This movie isn’t for everyone. For those who dislike graphic sex or sexual subject matter, you’ll probably want to skip this one. But if you’re concerned the movie glorifies abusive relationships, I wouldn’t skip the movie for that reason.

Will the second movie fulfill the haters’ prophecy and glorify domestic violence? I have no idea. I’ll have to wait and see for myself.

Fifty Shades of Grey, today’s soapbox.

50Tonight I’m attending a lady’s night out function in Havasu—which will include dinner, cocktails, a fashion show and a short walk to the nearby theater to watch Fifty Shades of Grey.

I’m a little nervous. Oh, not about the movie—about going out in general. I’ve become a bit of a recluse these days, especially considering the fact that during the last eight months when I haven’t been in front of the computer, my hubby, Don and I were off to doctors’ appointments or the hospital. 2014 wasn’t a stellar year for our health.

We’re banking on a healthy 2015, and so far the prognoses looks good considering my recent news that I won’t need chemo.

This means it’s time to get back in the real world, and Don’s given me a nudge, telling me to go have fun with some lady friends.

I will be watching 50 Shades twice—because my mother wants to see it, and she won’t be going with me tonight. Mom read all three books, and is curious to see the movie. I started the first book, but life got in the way and never got back to it.

I find it interesting how some people are protesting the movie. As my daughter pointed out, she couldn’t remember any protests for movies like Saw. It seems the release of Fifty Shades has become something of a soap box for various groups.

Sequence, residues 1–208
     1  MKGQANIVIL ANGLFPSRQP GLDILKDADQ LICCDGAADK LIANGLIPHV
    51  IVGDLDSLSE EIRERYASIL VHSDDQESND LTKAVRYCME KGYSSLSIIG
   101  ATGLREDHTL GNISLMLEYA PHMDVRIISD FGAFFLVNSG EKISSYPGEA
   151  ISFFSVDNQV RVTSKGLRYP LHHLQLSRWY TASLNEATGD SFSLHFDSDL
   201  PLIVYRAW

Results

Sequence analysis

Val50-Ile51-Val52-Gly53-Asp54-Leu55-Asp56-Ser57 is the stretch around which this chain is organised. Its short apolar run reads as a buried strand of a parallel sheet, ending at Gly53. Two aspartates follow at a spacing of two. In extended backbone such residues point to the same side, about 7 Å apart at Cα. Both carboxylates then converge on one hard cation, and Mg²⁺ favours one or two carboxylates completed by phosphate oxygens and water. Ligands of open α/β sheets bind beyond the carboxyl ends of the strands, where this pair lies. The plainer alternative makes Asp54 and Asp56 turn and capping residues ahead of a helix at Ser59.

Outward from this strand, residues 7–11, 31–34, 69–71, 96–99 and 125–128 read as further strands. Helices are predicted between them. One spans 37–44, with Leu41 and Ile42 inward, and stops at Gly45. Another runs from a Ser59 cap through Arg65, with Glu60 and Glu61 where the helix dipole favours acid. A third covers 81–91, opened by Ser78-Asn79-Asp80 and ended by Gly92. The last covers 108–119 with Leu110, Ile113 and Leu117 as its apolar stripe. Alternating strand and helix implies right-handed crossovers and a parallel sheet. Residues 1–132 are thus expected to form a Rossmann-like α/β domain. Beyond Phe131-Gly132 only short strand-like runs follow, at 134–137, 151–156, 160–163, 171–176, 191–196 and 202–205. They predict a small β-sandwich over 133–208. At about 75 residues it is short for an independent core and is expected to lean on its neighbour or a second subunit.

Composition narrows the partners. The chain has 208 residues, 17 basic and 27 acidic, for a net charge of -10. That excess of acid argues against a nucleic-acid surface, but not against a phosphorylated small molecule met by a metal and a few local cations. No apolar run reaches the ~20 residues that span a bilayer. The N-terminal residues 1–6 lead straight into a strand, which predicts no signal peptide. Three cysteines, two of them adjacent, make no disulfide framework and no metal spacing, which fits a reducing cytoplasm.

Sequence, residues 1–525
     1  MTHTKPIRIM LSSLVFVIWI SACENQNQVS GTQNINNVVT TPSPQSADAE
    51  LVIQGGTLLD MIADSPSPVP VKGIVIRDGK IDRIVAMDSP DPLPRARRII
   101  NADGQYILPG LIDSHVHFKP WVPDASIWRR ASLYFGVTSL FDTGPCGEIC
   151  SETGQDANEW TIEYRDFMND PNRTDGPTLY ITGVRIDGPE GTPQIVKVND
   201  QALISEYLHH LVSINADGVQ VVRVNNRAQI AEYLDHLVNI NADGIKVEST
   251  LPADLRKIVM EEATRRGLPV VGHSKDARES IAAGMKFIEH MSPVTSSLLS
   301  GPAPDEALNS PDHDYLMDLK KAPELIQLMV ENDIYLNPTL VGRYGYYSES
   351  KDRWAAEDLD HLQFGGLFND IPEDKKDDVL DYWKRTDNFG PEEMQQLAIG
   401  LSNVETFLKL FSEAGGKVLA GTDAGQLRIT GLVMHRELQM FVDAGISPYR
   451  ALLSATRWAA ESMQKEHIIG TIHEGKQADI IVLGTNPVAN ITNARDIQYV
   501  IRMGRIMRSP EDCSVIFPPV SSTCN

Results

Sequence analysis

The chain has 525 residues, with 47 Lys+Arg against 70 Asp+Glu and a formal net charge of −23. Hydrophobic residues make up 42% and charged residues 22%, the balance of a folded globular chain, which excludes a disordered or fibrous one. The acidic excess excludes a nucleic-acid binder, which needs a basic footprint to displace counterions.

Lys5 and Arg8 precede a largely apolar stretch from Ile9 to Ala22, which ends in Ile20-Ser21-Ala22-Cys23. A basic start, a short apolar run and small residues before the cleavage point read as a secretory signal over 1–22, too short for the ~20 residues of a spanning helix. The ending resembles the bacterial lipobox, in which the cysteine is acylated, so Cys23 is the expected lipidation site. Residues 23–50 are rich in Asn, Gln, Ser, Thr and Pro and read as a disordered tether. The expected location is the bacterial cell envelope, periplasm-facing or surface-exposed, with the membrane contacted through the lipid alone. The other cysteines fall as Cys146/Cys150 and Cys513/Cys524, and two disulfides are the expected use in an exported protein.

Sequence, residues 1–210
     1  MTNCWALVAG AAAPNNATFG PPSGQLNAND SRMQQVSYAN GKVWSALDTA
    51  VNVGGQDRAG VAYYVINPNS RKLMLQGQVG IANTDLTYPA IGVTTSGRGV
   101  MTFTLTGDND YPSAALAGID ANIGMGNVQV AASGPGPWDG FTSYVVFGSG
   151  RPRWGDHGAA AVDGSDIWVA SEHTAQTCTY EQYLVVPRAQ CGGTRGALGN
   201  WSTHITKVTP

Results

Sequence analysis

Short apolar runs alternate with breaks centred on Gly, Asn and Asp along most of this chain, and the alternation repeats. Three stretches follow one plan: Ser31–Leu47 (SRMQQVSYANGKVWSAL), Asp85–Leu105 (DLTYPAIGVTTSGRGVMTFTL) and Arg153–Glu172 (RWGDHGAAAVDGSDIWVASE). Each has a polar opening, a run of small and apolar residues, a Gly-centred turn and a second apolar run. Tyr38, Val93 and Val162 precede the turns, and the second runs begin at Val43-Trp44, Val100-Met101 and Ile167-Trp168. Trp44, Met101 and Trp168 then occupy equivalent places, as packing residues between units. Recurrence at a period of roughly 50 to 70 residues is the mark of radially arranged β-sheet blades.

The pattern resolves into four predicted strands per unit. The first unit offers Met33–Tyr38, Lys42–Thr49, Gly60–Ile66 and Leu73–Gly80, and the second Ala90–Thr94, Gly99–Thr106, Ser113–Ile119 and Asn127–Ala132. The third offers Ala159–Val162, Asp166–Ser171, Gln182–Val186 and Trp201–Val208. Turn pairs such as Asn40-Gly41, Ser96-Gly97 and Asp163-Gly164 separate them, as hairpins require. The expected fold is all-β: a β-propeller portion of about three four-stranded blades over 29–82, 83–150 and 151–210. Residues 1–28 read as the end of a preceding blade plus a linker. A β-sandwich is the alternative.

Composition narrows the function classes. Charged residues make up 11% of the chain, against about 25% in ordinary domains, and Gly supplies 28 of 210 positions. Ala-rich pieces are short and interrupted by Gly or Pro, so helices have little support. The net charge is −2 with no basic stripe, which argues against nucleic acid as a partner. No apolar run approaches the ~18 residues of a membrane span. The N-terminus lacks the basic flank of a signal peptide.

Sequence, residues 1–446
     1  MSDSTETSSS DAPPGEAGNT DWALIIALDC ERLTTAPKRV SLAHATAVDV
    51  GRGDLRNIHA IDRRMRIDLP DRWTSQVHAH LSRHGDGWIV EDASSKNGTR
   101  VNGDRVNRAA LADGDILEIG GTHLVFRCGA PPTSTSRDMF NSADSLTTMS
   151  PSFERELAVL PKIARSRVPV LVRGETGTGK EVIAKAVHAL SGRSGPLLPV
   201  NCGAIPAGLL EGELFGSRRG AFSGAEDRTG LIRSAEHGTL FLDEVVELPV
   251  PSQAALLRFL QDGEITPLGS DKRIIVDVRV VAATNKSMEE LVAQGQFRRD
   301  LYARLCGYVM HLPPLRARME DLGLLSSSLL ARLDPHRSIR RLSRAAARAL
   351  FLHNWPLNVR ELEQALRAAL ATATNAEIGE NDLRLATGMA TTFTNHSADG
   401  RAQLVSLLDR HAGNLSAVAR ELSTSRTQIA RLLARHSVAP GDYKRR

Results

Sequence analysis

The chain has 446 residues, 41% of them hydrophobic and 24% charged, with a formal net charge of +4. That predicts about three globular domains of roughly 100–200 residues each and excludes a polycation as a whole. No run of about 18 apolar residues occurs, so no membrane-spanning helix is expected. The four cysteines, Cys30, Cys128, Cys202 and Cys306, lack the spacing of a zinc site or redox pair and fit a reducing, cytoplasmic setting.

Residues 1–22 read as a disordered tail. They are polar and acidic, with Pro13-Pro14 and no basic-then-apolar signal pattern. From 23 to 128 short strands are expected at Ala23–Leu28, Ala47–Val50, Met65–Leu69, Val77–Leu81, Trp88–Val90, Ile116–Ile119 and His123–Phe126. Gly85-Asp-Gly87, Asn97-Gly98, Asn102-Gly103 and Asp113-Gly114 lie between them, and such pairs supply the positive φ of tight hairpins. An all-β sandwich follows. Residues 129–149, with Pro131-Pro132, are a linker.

On one side are those in the BDSM community who are insulted by the portrayal of their lifestyle. On the other side are advocates for victims of domestic violence who insist the movie promotes abuse. And then of course, are those who oppose anything remotely sexual.

Author Colleen Hoover mentioned on her Facebook page how some people claimed to be praying for her soul because she attended the movie’s viewing in New York. She happens to be friends with Fifty Shades author, E. L. James and even has a cute selfie of her and James on her private FB page.

I don’t think Colleen needs any help on her soul. Not long after becoming a bestselling author she was giving back, donating to charities, reaching out to others and staying grounded. She’s been an exemplary role model for those who find success overnight.

But back to the movie and those on their soap boxes.

For those in the BDSM lifestyle—get over yourselves. James never claimed to be writing a how-to for would-be doms and subs. She has an imagination and crafted a story—it is fiction. The story is hers. If you want to write a book that depicts “the correct” version of the BDSM lifestyle, write it.

For those who never read the book yet promote a boycott—really?? I get not wanting to watch a movie if it sounds like something you wouldn’t enjoy. But to actively protest something you haven’t personally watched, doesn’t seem quite right. Now if I heard puppies were killed during the making of the film, I would be all over the boycott.

Since I didn’t read the series I asked my mother this question: Do you think the Fifty Shades of Grey series promotes domestic violence? Mom (who is 86) laughed and said—no, not at all.

I’ll let you know how I liked the movie. Oh, and if you want to pray for my soul, go for it. I can use all the help I can get.

Good news today!

Book threeYes, I am working on Haunting Danielle, Book 3 —and after today, I’ll have fewer distractions.

This morning I received the news I’ve been waiting for. I don’t have to have chemo. Until today, I didn’t realize how distracted I was by not knowing. It’s like I can get back to living my life—writing my books—focusing on the stories I want to tell.

In a few weeks I’ll be announcing the official release date of Haunting Danielle, Book 3.

Life is good.